WBI’s Global Dog Campaign aims to end dog homelessness (and hardship) worldwide, leading to more humane communities for dogs, people, and wildlife. This Campaign will partner with existing public health, animal protection, and other implementing organizations to determine the most successful dog management interventions. WBI, with its Consortium Implementing Partners (CIPs), will establish demonstration sites that include support for vaccinations & sterilizations, street dog surveys, and the development of multi-year data sets and analysis. These sites will test and then showcase the most effective strategies that improve dog and community well-being.

This project is built on three pillars.

  • The first pillar focuses on the systematic collection, storage, analysis, and use of data.
  • The second pillar identifies local case studies that have effectively managed dogs and the associated resource allocation. WBI aims to support street dog surveys and sterilization and vaccination programs of local partners and use the metrics and impacts from those projects to identify the most effective resource allocation for maximum impact.
  • The third pillar focuses on ensuring local, municipal, state, and national public policy agendas include the goal of ending dog homelessness and connecting humane dog management with associated public health outcomes. These public health outcomes include eliminating dog rabies and reducing dog bite incidence.

WBI will raise funds to provide direct care for sterilizations and vaccinations implemented across control and experimental sites. Funding will also be raised to support dog surveys, project data collection and storage, and project analysis via the WBI Data Repository. Progress in ending dog homelessness and creating more humane communities will be reported annually via a Collaborating, Learning & Adapting (CLA) framework. The WBI Global Dog Campaign website and the WBI Studies Repository will provide open access to all information and results.

WBI aims to end dog homelessness country by country. The GDC will support local, municipal, state, and national stakeholders in promoting the importance of addressing “Dog Homelessness” to improve the well-being of dogs, people, and nature. Hundreds of millions of dollars are currently being expended globally on local dog management programs, and billions of dollars are devoted to rabies prevention and the treatment of dog bites. These funds would be more effectively deployed and more impactful if local and national projects were better integrated. The GDC aims to provide such integration and build global collaboration to end dog homelessness.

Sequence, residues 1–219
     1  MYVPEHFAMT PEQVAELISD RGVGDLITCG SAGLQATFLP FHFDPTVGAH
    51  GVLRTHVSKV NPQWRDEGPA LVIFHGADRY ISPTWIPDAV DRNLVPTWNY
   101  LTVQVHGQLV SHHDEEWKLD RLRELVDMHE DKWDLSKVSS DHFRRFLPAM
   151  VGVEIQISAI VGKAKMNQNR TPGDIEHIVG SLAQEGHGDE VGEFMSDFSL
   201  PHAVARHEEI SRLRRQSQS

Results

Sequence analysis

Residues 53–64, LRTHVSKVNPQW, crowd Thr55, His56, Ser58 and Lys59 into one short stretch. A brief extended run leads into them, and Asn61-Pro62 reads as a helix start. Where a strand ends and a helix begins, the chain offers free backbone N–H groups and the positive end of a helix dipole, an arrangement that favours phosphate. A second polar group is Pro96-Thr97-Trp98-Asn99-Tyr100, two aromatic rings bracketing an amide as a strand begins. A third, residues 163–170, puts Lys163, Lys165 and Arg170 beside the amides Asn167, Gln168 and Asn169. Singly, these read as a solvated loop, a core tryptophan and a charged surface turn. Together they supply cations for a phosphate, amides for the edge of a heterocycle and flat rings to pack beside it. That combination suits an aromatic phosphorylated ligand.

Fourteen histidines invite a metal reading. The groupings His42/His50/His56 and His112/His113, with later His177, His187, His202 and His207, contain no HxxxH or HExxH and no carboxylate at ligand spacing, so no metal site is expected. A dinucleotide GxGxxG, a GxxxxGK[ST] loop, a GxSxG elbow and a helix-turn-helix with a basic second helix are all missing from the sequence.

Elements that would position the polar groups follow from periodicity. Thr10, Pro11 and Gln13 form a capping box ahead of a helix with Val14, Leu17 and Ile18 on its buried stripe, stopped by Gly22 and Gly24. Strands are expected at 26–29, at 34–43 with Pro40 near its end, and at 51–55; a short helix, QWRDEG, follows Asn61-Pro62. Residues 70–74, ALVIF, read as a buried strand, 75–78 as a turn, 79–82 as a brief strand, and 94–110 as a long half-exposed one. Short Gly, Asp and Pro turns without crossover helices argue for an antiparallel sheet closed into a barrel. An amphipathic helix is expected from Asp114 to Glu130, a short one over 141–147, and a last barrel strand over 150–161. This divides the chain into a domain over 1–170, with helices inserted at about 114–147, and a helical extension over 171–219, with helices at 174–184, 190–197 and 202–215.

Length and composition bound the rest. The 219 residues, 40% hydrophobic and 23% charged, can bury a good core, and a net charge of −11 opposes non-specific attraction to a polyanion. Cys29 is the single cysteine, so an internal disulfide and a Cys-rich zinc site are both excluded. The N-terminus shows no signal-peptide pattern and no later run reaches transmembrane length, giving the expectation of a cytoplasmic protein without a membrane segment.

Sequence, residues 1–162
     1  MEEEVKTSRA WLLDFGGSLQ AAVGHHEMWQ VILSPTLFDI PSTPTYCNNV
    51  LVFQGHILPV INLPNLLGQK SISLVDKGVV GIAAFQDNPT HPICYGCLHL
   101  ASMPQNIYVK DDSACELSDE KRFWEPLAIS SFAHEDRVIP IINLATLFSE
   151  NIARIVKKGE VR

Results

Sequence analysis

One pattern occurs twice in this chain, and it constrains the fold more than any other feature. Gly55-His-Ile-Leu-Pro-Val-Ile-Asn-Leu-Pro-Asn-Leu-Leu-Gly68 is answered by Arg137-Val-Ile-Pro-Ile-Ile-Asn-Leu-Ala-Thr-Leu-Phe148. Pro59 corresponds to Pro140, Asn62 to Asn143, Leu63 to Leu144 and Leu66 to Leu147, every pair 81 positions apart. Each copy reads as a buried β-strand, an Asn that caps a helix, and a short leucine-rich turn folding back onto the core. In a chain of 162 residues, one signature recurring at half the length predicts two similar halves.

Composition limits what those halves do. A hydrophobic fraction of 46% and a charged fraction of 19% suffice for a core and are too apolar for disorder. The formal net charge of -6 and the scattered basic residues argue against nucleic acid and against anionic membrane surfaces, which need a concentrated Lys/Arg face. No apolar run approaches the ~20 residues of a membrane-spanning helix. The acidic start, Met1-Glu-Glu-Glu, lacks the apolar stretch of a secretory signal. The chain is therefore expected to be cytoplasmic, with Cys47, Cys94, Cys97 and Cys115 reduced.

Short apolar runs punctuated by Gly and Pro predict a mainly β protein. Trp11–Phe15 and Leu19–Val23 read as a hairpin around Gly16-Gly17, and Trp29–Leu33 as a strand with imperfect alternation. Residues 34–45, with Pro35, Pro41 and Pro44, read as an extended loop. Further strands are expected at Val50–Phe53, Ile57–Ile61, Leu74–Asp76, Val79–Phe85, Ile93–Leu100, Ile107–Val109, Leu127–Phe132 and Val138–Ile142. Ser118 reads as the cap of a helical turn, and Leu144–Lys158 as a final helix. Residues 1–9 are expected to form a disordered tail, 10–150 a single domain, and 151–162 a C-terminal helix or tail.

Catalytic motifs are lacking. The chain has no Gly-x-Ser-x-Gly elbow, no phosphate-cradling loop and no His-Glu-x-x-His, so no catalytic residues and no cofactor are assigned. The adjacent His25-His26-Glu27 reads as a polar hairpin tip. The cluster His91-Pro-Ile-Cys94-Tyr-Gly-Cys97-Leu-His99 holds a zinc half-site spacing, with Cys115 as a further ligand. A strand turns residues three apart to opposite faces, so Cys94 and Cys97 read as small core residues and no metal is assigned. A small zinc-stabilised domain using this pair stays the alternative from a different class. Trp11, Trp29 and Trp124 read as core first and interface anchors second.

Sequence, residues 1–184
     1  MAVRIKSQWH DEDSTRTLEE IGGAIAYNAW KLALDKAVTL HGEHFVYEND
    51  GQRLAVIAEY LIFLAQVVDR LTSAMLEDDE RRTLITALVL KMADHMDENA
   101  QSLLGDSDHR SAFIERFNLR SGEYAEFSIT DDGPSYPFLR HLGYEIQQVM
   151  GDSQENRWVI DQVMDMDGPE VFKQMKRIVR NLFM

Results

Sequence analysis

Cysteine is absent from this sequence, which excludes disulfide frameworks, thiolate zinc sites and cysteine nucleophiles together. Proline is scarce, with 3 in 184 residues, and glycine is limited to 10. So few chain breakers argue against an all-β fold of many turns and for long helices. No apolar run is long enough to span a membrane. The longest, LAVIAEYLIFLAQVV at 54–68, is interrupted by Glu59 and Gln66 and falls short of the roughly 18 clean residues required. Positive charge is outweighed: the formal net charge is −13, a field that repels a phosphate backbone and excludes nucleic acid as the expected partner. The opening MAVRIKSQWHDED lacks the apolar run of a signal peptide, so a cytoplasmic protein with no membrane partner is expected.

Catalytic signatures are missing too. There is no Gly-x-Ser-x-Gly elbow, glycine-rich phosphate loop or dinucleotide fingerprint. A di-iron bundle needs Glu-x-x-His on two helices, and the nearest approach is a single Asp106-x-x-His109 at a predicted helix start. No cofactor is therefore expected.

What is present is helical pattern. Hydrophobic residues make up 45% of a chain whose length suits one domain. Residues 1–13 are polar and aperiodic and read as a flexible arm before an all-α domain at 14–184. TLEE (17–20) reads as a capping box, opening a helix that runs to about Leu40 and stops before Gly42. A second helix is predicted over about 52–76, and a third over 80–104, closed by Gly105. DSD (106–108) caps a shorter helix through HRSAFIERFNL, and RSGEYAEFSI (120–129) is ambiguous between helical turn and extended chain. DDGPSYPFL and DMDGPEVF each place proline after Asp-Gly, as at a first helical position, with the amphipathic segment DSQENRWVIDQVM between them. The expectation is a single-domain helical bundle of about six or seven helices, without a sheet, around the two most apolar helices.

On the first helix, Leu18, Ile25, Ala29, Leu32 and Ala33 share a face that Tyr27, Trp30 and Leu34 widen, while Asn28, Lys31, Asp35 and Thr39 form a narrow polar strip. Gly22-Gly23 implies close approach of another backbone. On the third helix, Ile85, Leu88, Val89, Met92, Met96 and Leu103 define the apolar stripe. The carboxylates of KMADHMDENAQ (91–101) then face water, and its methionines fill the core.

The Infrastructure

WBI has built the foundational infrastructure to support the Global Dog Campaign across the world.  In addition, WBI has completed a test of this infrastructure in Costa Rica with a flagship partner. WBI has identified, provided, or established:

Implementation Partners

Identified a select number of organizations committed to assisting dogs in their communities.


Provided access to training (CLA), expertise and software tools to implement a project with a flagship partner in a test country.


Raised (and continues to raise) needed funding for the campaign's foundational work and global implementing projects.

Reporting & Tracking

Provided leadership and resources to enable an implementing partner to report data.

Direct Care Services

Committed funds to support direct care services (sterilization and vaccinations) to a flagship partner in the test country.

Reporting Protocols

Developed data reporting protocols for surveys and monitoring reports.

Survey Implementation

Implemented household and homeless (``street``) dog population surveys in one of the flagship locations.

Centralized Repository

Developed a database to house longitudinal data on dogs and their communities.

The Consortium Implementing Partners

WBI’s initial outreach identified an initial group of specific flagship project locations in different countries (see below) in Latin America (one location – Costa Rica) and Asia (three locations – Jaipur, India; Chennai, India; Kabul, Afghanistan). An additional site will be identified in Africa.


Costa Rica

Blue Cross of India

Chennai, India

Mayhew Afghanistan

Kabul, Afghanistan

Help in Suffering

Jaipur, India

The Team

WBI has recruited experts in their respective fields accompanied by years of field experience. Overall, the GDC Global team provides the expertise needed to effectively implement the Global Dog Campaign and deliver the maximum impact for the well-being of dogs and their communities. Each member’s skillsets have been carefully matched to the project’s needs to deliver results. Each has demonstrated an ability to work in a team, a sense of humor, and dedication to the mission. Most have donated their services in our start-up phase.

Andrew Rowan, DPhil

Global Program Sponsor

Kathleen Rowan

Global Project Manager

Photo of Tyler Flockhart

Tyler Flockhart, PhD

Population Ecologist & Conservation Biologist

John Boone

John Boone, PhD

Global Survey & Analysis Expert

Josh Coefer

Josh Coefer

Global Database, Systems & Software Director

Laura Gosse

Laura Gosse

Communications Lead

Be a Part of the Global Dog Campaign

There are many good reasons to develop and implement humane and effective management approaches for homeless dogs and their communities. These reasons include reducing homeless dog numbers, reducing human diseases contracted from dogs and dog bites, reducing dog suffering, and reducing dog nuisance. These actions will provide greater well-being for homeless dogs, people, and communities. Please join us in supporting the Global Dog campaign through your generous donation.